The past few days, the woodshop has been put to work on a project that is not a piano! In December we installed new hardwood flooring and planned that we would fabricate baseboard molding on our own. I favored a lighter contrasting wood, and my creative wife suggested a laminated baseboard with a walnut detail. I endorsed her idea despite the extra labor. I’m going to like it!
Here’s the baseboard in process in the shop today:
It’s put together with poplar and walnut. With exposure to light, the poplar will darken. I’m looking forward to seeing it with some polyurethane finish.
Sometimes I think I was born 70 years too late. 70 years too late to participate first hand in the excitement of the industrial age. Every day, though, I touch work that was created decades ago, and have the opportunity to behold the craftsmanship and industrial techniques of piano manufacturing. The work that I do today, rebuilding old instruments, is the same work that was done by original craftsmen decades ago.
As I work, I frequently run across lithographs of piano manufacturing facilities – sometimes stenciled inside a piano lid, and sometimes in historical marketing materials and ephemera. Always, I find these industrial lithographs to be ironic when viewed against today’s environmental strictures. All of the representations of factories show very active smokestacks. It would seem that the smoke, which could have been edited out, was prominent because the smoke implied industrious productivity!
Sometimes I think I was born 70 years too late! But I did come along at the back end of the industrial age. From Riverdale elementary school in Raymond, Washington when I attended from 1958 to 1962, the expansive south-facing windows provided a fine view of the Weyerhauser mill across the river. I could freely daydream from my hard wooden desk watching the smoke patterns against the occasionally blue sky.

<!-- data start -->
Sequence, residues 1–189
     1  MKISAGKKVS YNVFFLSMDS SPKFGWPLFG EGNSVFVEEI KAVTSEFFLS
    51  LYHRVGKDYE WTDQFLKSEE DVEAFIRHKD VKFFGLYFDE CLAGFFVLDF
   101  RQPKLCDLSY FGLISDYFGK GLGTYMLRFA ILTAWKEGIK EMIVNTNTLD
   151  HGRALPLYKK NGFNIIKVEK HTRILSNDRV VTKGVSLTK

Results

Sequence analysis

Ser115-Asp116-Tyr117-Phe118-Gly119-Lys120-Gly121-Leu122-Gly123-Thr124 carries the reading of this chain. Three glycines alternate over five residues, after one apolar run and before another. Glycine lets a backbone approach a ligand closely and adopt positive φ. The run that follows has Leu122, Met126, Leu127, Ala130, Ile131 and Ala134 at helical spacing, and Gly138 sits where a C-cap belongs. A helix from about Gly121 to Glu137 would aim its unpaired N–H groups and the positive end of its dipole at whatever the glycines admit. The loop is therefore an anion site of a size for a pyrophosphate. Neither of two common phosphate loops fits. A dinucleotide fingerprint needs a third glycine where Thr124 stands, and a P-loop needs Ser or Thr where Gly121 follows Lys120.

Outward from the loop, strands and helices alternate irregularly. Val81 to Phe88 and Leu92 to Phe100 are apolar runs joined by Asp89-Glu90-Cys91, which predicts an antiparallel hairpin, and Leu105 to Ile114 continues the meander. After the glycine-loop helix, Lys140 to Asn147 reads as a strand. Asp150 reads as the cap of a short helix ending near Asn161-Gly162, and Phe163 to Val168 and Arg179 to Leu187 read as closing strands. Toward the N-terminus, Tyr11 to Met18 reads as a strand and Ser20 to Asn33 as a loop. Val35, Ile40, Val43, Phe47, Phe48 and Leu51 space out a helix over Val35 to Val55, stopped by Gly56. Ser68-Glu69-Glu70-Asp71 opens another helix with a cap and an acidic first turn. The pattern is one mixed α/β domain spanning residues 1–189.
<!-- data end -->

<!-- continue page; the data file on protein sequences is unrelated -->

Later, when I was in high school, I washed the sidewalks of soot and sawdust in front of The Dennis Company every Saturday morning. One of the old timers in town came by one day and asked if I knew what I was cleaning up! “Sure,” I said, “dirt”.
“No,” he said, “that’s Pay Dirt!”. I learned something about industrial era economics and attitudes from the old guy. He knew, even though I did not, that all that soot and sawdust meant paychecks for everyone in town.
A theory on the learning of complex manual tasks suggests that we need 10,000 hours of practice to master a complex skill. For instance, playing tennis, flying an airplane, playing the piano, or driving a car. A theory of brain science suggests that the nervous system of homo sapiens did not develop primarily for thinking, but for appropriate reaction to learned stimuli. I think these two theories are closely related.
From 1974 to 1978, I spent approximately 7,000 hours mastering the skill of driving a transit bus (Metro Transit, Seattle) while meeting the needs of riders.